Romance’s Foster Kid Ubiquity

I just finished reading Wolfsbane and Mistletoe, a werewolf Christmas anthology edited by Charlaine Harris and Toni L.P. Kelner.  One of the things that struck me about it was how many of the short stories – at least three, four if you count a child raised by wild dogs – involved kids either currently in the foster care system or having matriculated from it at some time in the past.

Wolfsbane and Mistletoe is a not a romance anthology, but it does contain stories by a number of authors who write romantic paranormals or fantasy with a romance edge to it.    And I have lost track of the number of times I’ve read books with foster care alumni as protagonists or heroes or heroines who rescue needy kids from the horrors of the foster care system.  And the thing is, I can’t decide how I feel about it.

On the one hand, taking in needy children fits in very neatly with the romance genre’s heart-and-hearth foundation.  Heroes and heroines are frequently outcasts or outsiders who have suffered, so their choosing to care for children in similar circumstances feels both touching and right.  Romance requires a certain amount of closure for the reader: villains are caught and punished, deadbeat ex’s get what they deserve, money lost comes back.  Uniting a lonely, lost child with a caring, responsible adult is another way of providing that romantic satisfaction to the reader.  And it’s such an easy way to do it.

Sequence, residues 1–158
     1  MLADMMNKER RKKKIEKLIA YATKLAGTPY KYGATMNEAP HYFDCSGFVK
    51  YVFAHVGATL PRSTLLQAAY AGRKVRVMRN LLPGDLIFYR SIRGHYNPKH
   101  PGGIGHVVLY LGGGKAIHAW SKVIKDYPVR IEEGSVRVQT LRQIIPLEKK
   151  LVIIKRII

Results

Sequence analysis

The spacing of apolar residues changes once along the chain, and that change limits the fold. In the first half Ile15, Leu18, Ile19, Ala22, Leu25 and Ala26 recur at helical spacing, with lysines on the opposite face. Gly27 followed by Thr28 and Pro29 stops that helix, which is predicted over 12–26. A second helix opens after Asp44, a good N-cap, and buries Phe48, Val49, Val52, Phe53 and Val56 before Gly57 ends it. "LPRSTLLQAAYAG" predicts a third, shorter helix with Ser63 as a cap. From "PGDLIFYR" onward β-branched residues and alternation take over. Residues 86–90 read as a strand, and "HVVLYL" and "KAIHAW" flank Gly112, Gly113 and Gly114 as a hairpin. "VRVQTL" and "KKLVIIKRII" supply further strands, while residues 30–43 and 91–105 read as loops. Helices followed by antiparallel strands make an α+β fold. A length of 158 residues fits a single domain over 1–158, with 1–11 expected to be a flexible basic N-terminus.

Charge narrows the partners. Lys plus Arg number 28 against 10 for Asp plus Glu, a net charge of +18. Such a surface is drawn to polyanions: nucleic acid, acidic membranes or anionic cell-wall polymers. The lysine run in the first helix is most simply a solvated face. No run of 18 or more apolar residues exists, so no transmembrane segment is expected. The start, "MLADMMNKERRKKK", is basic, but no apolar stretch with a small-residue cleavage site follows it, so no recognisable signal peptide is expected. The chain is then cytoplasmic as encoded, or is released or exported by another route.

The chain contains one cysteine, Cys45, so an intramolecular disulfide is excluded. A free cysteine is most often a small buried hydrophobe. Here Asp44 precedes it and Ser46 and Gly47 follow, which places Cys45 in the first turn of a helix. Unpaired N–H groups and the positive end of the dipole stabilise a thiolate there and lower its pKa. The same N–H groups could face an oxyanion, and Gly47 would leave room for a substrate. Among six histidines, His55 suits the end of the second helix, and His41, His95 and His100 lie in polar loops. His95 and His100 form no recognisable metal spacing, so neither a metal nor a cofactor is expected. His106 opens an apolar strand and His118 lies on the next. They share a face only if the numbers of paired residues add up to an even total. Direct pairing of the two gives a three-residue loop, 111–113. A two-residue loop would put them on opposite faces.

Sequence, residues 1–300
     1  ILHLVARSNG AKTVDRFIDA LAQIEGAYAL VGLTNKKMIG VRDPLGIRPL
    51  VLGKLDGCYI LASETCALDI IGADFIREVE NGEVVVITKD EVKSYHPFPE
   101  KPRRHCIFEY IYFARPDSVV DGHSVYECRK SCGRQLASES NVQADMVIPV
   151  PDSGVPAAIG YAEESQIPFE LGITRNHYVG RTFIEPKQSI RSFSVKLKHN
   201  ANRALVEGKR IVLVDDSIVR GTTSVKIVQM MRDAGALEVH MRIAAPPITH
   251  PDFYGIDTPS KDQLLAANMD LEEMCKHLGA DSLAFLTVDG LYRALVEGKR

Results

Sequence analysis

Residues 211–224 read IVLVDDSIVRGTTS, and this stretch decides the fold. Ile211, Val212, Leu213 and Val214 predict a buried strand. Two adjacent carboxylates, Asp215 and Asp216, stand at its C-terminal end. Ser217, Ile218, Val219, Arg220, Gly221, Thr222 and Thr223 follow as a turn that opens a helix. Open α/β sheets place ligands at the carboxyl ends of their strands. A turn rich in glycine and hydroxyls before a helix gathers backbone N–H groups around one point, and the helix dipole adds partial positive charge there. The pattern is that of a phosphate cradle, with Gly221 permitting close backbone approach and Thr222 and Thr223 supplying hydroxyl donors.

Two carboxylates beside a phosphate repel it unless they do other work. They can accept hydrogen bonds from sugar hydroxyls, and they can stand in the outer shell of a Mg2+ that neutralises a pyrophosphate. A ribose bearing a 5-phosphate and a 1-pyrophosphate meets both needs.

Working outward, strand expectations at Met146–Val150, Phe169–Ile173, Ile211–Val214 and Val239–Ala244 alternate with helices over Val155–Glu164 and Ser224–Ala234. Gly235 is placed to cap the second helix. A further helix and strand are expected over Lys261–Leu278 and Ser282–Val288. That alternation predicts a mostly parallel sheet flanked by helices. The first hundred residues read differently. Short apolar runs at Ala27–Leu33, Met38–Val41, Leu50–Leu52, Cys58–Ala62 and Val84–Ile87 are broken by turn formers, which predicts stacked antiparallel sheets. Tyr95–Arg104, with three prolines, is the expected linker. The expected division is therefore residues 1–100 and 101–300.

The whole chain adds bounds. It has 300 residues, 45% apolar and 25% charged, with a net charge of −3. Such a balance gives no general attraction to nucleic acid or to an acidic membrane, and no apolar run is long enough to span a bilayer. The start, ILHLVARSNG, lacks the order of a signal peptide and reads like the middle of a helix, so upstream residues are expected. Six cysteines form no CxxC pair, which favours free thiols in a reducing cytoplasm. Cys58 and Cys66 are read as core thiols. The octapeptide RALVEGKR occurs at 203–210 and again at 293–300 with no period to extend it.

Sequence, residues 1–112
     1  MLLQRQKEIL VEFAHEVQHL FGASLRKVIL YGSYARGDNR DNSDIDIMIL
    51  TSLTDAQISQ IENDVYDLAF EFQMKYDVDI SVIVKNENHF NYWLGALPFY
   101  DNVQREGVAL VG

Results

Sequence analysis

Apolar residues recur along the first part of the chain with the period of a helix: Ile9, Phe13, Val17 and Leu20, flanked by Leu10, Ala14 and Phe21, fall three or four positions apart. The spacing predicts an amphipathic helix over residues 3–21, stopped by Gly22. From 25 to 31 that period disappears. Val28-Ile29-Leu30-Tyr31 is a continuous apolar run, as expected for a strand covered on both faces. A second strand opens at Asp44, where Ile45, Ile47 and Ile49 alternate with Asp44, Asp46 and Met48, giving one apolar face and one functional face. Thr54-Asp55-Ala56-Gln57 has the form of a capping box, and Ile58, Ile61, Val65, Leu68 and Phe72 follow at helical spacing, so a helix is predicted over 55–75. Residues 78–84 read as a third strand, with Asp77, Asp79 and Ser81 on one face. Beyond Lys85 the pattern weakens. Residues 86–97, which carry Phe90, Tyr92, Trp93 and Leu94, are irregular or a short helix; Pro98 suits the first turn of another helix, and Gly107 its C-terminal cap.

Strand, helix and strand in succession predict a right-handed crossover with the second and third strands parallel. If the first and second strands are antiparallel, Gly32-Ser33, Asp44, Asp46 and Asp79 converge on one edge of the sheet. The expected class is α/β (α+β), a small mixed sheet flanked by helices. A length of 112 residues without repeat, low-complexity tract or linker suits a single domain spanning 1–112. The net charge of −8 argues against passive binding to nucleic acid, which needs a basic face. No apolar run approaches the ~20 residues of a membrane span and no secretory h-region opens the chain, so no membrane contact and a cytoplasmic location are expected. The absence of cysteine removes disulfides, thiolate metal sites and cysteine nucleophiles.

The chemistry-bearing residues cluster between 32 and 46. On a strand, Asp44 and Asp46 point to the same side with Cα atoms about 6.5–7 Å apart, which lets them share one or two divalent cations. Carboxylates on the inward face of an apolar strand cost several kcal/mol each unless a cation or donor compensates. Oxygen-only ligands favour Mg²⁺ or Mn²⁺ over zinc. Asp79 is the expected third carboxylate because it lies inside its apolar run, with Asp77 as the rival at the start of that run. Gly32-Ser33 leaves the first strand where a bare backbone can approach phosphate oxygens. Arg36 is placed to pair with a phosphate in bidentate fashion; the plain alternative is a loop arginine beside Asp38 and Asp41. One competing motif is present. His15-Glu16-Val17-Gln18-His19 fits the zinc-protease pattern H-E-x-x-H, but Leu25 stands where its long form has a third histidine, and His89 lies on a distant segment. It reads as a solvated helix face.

I will admit to finding this scenario satisfying.  Life is so infrequently fixable like this.  But it’s gratifying to think it could be.  And a child so desperately needs someone to care for him and take care of him, even more than an adult needs to find his one true love.

On the other hand, the needy orphans and foster children found in romance are always, always so resilient.  Yes, they may lie some or go on a quick shoplifting spree.  The teenaged ones will give lip.  But in a short period of time, after cookies are baked, or a garden is planted, or an adult sticks up for the kid to his teacher/principal/social worker/bullying nemesis, the child always realizes this is the home he’s been wanting for…forever.  And isn’t it beautiful that he’s found his forever home?

The fact is that most of the kids in foster care just aren’t that resilient or undamaged.  Many of them have had poor care since they were in utero – they’ve been exposed to alcohol, poor nutrition, neglect and/or abuse since their first day as a fetus.  Many of them have significant emotional or learning challenges.  Some of them are terribly, dangerously angry.  Some never developed the ability to attach to anyone.  Often these disadvantages will stay with them.  As a whole they will struggle with employment as adults.  They will abuse alcohol and drugs.  They will not be able to plan long term because they’ve never learned how to think outside of what is happening right now.  They will not miraculously morph into stud muffin P.I.’s or multibillionaires who are haunted by their pasts until they meet their soulmates.  Many of them will wind up in prison, develop mental illness, or experience homelessness.  In both nature and nurture many of them are set up for failure.